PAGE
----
Immersing oneself in the local culture is one of the biggest reasons for travel. And the more doors the internet opens to us, the more critical authenticity of the experience becomes.
We can walk through museums and galleries virtually and look at the videos and pictures of local landmarks. So it becomes even more important to participate in it all hands-on: walk through small hidden streets, soak up the local colors, talk to local people - or eat local food.
Even those who wouldn’t call themselves epicureans will frequently name local food as one of the most critical aspects of their travels. And can you blame them? Food may not matter to you past the satisfaction of having something tasty. Still, it is one of the easiest ways to immerse yourself in local culture, and having a bad food experience tends to dampen any other pleasures you may be experiencing.
But if you are a foodie and food matters to you, then it goes past eating well. It’s an independent adventure similar to walking through the city’s main museum: if you don’t experience it, you might not have experienced the city at all.
And to experience the local food culture to the fullest, especially when you have limited time on hand, requires both a commitment and a battle plan you’re willing to see through.
We’ve broken down our tips into four different sections:
Which Flavors from Abroad Do You Need to Try?
For most of us, trips abroad are limited in time. If you have a month to do nothing but roam the streets and dig into every hole-in-the-wall restaurant that comes across your way, then that is something you can do. But if you only have a few days and you’d like to visit the local landmarks, go sightseeing, and enjoy a lifetime, then you have to work within constraints that don’t lend themselves well to spontaneity.
- Do The Research
Every similar list starts with this advice, and that’s, well, because there’s no way around it: you need to be equipped with information before you go on your trip to save yourself both time and money.
Start by researching the food customs of the country you’ll be visiting: the most common breakfast, lunch, and dinner options, how the ingredients tend to be paired, how and when a dish is eaten, and what signs set quality food from the lower-quality ones, etc.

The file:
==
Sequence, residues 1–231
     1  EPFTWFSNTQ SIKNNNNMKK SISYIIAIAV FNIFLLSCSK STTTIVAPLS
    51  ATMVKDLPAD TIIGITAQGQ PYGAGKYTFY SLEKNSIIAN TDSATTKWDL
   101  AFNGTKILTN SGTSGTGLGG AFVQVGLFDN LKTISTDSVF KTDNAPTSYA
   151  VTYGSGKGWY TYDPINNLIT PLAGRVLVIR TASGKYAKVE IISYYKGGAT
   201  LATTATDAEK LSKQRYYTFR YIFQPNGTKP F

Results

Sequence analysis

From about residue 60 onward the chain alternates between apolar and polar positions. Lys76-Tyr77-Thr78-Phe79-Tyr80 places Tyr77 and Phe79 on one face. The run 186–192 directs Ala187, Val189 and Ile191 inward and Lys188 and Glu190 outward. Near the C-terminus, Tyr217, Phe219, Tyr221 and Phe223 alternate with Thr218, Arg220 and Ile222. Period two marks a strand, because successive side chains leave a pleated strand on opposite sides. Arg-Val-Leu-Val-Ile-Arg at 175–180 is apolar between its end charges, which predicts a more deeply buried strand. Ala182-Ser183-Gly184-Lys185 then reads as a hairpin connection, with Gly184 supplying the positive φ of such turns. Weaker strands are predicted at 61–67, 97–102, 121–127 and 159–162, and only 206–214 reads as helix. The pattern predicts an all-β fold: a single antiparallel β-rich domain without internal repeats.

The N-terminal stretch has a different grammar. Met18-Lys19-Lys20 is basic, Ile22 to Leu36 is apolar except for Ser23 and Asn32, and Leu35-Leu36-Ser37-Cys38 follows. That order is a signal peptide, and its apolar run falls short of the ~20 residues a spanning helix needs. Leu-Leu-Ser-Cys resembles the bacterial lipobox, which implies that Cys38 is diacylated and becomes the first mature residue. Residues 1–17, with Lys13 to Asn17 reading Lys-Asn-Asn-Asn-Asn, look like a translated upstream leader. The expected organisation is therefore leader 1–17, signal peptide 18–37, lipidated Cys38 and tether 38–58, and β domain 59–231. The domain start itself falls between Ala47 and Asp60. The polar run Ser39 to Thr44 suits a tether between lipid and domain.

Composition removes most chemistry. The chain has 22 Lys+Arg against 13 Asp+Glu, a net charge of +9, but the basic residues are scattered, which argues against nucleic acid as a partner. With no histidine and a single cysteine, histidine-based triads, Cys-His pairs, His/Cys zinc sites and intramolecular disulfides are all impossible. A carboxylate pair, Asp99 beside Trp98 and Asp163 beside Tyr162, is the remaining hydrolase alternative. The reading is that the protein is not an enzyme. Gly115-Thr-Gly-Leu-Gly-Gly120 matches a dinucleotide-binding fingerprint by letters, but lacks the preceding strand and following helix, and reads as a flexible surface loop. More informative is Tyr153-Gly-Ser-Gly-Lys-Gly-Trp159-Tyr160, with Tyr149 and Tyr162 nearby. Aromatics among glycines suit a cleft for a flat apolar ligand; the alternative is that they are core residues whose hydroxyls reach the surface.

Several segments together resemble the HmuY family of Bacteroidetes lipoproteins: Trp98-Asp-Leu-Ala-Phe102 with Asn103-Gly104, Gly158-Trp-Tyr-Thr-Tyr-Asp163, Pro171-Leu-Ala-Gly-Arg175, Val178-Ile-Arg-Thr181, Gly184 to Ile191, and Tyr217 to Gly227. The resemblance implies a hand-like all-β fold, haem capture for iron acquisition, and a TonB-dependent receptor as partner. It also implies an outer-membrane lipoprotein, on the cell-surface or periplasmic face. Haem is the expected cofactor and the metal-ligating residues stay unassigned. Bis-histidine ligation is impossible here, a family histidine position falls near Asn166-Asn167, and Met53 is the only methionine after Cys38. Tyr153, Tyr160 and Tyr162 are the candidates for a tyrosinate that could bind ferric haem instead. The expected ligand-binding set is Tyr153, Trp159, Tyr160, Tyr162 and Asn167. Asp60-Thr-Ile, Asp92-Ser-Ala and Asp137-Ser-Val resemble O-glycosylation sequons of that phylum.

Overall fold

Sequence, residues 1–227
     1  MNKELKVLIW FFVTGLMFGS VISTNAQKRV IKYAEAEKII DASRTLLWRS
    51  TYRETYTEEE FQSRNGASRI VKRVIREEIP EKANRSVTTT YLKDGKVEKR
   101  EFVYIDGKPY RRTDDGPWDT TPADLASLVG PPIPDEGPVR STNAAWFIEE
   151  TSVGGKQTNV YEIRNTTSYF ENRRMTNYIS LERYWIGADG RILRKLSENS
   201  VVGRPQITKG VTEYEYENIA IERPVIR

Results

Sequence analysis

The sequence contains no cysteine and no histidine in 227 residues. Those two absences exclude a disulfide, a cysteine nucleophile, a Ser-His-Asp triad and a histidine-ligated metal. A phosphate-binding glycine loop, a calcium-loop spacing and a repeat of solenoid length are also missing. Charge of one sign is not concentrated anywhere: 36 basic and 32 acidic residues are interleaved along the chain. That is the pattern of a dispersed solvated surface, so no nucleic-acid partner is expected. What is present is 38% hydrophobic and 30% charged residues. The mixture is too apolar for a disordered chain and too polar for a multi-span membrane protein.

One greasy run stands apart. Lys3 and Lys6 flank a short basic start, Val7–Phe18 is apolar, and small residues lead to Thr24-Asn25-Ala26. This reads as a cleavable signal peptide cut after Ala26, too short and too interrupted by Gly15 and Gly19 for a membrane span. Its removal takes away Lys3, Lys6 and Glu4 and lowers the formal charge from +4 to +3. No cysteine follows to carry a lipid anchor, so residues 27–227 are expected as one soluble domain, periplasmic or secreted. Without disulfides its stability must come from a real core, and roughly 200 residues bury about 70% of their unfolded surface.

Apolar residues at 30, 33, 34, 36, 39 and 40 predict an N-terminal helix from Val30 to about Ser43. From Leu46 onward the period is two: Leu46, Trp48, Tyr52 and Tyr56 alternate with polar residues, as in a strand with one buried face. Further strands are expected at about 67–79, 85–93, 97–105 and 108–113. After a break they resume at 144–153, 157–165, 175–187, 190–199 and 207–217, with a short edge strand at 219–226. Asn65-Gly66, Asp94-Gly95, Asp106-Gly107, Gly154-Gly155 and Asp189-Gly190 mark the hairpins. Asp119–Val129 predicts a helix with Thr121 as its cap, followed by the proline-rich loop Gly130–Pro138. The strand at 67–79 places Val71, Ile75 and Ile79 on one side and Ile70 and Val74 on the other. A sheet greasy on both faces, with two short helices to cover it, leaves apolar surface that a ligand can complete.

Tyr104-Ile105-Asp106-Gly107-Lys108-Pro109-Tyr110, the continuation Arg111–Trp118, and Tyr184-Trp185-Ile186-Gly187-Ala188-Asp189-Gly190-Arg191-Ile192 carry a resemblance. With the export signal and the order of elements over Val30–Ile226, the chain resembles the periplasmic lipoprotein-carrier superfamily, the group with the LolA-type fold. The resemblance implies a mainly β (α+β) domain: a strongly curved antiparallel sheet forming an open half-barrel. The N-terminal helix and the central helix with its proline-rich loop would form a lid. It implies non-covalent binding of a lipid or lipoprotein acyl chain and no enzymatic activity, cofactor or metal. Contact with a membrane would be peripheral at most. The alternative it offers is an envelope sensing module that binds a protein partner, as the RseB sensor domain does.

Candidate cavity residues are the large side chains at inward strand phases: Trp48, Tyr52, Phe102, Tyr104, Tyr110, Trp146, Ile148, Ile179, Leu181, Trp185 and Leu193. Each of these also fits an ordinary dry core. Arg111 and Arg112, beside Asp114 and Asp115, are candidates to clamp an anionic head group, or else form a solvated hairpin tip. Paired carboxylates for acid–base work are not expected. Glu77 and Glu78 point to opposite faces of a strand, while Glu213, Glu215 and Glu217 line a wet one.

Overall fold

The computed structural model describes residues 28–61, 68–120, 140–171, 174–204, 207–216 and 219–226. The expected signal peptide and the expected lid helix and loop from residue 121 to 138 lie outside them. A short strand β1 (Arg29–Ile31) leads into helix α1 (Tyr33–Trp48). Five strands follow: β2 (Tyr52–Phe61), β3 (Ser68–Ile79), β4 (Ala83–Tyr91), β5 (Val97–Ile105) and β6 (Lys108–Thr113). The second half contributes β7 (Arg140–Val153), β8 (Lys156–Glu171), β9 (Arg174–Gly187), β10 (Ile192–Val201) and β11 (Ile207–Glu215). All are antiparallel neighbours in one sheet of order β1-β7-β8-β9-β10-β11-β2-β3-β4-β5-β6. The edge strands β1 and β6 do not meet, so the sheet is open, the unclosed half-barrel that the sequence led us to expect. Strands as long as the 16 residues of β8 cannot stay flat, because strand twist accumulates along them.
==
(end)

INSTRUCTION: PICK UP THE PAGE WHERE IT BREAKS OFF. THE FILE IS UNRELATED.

You can even do some pre-emptive planning and start marking the eating establishments around your itinerary that seem exciting and well-regarded. Maybe they’re not the most optimal choice for tasting local delicacies, but you’ll at least have a plan B to fall onto if your quest for a more authentic experience fails.
- Focus On Things You’ll Have the Least Chance of Finding Outside the Country
Try to dig deeper into the regional specialties (both ingredients and dishes) of the places you’ll be visiting. For example, if you’re visiting Italy, finding high-quality pasta or pizza isn’t likely going to be the problem, even if you visit more tourist-oriented establishments. Instead, focus on traditional Italian food you don’t expect to find at an Italian restaurant back home.
- Take Advantage of Social Media
Social Media can be a wealth of information (as long as you avoid all the sponsored posts, and trust me, that’s going to be hard once the search engine catches you being interested in something). Ideally, look for a local food blogger and scroll through their posts, marking the exciting spots with dishes that seem appealing. But if a local foodie isn’t available, a travel blogger sharing your interest in immersing themselves in the local culture could also help.
- What Do You Want to Try? Have a List Ready to Go
Keep a notebook nearby when doing your research, and write up every item you’re interested in trying. Knowing exactly what you’re looking for will make it much easier to find.
- Learn How to Ask for it in a Local Language
Another thing that’ll make the things you’re looking for easier to ask is learning how to ask for them in the local language. It doesn’t matter if it’s a few broken phrases you’ve strung together with the help of Duolingo or is using Google Translates jumbled (and often incorrect) translation. Locals seeing you putting some effort in and trying to communicate with them will make them more eager to help you. And having a local keen to help you is a powerful tool.